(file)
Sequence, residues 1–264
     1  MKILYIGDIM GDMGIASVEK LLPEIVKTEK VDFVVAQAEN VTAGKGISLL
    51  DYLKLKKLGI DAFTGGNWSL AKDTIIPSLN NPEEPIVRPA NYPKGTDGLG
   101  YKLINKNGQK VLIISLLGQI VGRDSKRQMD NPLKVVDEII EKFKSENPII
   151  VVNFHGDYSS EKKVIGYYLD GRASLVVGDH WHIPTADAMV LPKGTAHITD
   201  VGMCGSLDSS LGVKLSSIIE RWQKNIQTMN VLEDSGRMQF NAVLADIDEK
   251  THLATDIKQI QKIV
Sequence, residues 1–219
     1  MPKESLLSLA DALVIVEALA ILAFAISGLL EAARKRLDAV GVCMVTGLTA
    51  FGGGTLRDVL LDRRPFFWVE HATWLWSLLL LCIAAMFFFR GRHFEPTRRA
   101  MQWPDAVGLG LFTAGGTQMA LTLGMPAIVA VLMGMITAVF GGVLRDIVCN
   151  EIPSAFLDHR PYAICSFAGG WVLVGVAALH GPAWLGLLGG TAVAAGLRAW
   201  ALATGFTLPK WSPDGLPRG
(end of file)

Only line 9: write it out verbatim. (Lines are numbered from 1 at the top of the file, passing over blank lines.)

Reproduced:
     1  MPKESLLSLA DALVIVEALA ILAFAISGLL EAARKRLDAV GVCMVTGLTA